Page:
MICHAEL JACKSON CENTER STAGE THIS WEEK AT LIVEAUCTIONTALK.COM
Concert Promotional Poster; Sept. 7, 2001; celebrating Michael’s solo career; 34 inches by 22 inches; sold for $3,520. Photo courtesy of Julien's Auctions.
The platform rose slowly from underneath the stage. Surrounded by the fog of dry ice, red and green laser lights, fireworks, video images, and the sound of a synthesizer and drums -- the five Jackson brothers walked forward.
Michael Jackson stood center stage, unquestionably the star of the show in his white-sequined glove and shirt. The group started off the set in Kansas City with “Wanna Be Startin’ Somethin.’’
They started something alright.
At first it was hard to tell if the music or the screaming crowd was the loudest. After the one hour and 45-minute set ended, the Jacksons’ ruled.
Between Michael’s dance moves, his singing and the visual effects the audience was in a frenzy. Michael kicked showmanship up to a whole new level that night.
The Victory Tour was the final one for the Jackson brothers in 1984. It would be the last time Michael, Tito, Jermaine, Marlon and Randy performed together. It was the first time in eight years Jermaine joined his brothers on stage in over eight years.
The 55-city show began in July and ended in December in Los Angeles. The concerts entertained about 2 million fans.
The tour was named after the newly released Jacksons' album “Victory”. Interestingly enough none of the songs from the album were on the tour's set list.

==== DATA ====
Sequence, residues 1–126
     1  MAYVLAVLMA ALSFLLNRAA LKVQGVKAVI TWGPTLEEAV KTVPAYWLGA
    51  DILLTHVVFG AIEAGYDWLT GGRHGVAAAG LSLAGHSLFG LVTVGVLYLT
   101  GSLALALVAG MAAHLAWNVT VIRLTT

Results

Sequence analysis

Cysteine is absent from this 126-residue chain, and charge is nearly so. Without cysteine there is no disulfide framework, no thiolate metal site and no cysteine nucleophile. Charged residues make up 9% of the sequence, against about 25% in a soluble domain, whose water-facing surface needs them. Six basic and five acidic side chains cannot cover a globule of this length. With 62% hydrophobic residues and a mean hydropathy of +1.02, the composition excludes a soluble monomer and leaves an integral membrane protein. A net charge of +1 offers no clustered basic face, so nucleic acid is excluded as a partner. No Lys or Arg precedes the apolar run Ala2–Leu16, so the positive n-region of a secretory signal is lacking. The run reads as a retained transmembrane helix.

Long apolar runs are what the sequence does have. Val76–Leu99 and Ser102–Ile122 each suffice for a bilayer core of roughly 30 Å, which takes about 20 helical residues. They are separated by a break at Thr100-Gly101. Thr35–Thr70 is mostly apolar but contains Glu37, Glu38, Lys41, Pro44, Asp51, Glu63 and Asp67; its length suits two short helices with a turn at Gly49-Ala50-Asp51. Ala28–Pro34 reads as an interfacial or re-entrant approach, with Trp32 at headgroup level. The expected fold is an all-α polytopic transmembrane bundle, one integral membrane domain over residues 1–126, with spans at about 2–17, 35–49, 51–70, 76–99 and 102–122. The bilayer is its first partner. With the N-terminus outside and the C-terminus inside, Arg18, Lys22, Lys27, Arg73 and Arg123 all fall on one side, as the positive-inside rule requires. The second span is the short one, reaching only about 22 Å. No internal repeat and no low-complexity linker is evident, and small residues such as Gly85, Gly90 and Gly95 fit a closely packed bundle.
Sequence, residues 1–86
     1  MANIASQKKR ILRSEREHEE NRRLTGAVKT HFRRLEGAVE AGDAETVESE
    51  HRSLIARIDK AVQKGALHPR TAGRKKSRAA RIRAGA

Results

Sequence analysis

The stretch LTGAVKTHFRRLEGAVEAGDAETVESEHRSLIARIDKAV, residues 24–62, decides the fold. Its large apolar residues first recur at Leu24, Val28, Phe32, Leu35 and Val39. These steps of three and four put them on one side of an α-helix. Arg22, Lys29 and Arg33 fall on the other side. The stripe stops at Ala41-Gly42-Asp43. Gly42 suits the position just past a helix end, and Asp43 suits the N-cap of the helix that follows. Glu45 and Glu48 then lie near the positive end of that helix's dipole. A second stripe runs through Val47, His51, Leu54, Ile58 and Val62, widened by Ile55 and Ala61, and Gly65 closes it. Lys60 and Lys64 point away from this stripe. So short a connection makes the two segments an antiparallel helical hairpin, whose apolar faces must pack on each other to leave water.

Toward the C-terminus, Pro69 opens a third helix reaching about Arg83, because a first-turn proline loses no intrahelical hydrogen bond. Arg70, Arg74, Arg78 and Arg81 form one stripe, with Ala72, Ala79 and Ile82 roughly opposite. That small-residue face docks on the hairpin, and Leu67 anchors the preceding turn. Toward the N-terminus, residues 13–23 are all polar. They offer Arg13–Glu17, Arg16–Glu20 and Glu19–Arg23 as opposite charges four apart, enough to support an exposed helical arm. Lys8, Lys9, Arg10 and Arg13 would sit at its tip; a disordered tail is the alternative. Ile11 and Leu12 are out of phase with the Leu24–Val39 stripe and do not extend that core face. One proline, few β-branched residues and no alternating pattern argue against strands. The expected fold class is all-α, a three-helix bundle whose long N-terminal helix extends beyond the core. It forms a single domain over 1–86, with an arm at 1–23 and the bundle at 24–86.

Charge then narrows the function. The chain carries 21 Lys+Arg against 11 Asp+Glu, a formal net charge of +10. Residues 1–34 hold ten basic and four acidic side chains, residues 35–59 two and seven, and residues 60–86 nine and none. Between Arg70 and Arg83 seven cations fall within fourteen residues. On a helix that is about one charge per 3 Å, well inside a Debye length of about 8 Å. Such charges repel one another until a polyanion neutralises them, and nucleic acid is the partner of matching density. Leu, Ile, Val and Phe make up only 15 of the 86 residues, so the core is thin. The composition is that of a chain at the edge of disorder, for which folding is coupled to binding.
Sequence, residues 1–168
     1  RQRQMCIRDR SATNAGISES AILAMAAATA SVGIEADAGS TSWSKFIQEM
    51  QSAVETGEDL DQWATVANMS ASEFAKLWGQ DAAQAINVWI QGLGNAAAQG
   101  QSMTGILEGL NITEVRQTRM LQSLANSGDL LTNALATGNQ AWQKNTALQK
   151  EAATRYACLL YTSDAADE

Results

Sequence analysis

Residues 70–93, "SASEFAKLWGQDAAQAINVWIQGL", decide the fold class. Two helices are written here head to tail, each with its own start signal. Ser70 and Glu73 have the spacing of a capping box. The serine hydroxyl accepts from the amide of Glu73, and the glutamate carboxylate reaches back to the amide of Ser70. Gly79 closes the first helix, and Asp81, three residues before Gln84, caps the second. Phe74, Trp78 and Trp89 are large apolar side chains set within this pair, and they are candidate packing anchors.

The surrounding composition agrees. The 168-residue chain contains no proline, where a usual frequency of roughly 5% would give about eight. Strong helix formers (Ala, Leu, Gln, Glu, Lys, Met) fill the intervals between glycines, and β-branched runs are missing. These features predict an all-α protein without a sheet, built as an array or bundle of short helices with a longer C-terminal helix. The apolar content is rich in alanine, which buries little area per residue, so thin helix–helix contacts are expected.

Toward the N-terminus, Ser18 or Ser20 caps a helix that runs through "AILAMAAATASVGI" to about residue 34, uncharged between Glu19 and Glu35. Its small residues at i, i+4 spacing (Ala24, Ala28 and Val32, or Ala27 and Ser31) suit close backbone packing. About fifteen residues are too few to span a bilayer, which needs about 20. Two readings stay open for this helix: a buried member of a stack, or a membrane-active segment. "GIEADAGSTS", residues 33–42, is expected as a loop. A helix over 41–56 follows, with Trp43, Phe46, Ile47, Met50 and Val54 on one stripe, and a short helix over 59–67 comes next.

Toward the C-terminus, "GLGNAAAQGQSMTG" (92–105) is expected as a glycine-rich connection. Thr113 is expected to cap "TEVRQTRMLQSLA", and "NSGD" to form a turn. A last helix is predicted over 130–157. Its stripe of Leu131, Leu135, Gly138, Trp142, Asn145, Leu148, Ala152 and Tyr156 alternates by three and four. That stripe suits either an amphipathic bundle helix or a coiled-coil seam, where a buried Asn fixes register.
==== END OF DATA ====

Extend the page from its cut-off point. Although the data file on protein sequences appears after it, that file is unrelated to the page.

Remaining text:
The concerts reportedly earned $75 million and established a new record for the then-largest grossing tour. Michael donated his $5 million share to charity.
At the last show in Dodger Stadium in Los Angeles, Michael announced his split from The Jacksons’. He would be going it alone from here on out.
Heroes show up in all kinds of guises. The American showman P.T. Barnum was one of Michael’s big heroes. No surprise really. In the 19th century Barnum understood more than most how to thrill an audience and command a room.
Michael gave members of his staff copies of Barnum’s autobiography. He said he wanted his career to be the greatest show on earth just like the grand showman. Michael also fell on hard times like Barnum.
Musically, Michael just may have pulled off his quest to be the greatest show on earth. In video after video he’ll remain alive and vital for people to judge for themselves.
He was a study in contrasts. More exaggerated than most, perhaps. A story without a happy ending.
No matter what you think of Michael’s life off stage there was no denying the man’s talent on stage. When Michael Jackson started to sing there was a shift.
He transformed into someone else. A less tormented someone. A master of showmanship. Clearly born to entertain.
On June 26-27, Julien’s Auction, West Hollywood, Calif., featured a selection of Jackson memorabilia in its summer sale. Michael’s long-sleeve Victory tour costume shirt covered in small pearls and Swarovski crystals sold for $52,500. It was designed by Bill Whitten.
Here are current values for other Michael Jackson lots sold in the auction.
Concert promotional poster; Sept. 7, 2001; celebrating Michael’s solo career; 34 inches by 22 inches; $3,520.
Art print; signed; featuring four portraits of Michael from various moments in his life; by Bren Stymest; 18 inches by 20 inches; $8,000.
Tribute Program Proof; from two concerts held at Madison Square Garden in 2001; 20 inches by 26 inches; $9,375.
Costume piece and signed CD; forearm cuff with six leather straps; worn as part of his “Bad” costume; 9 inches by 5 inches; $10,240.
Letter; handwritten; from Michael; single sheet; to Greg; “Thanks for the magic moments in my life, I hope it was the same for you…”; 11 inches by 8 ½ inches; $18,750.
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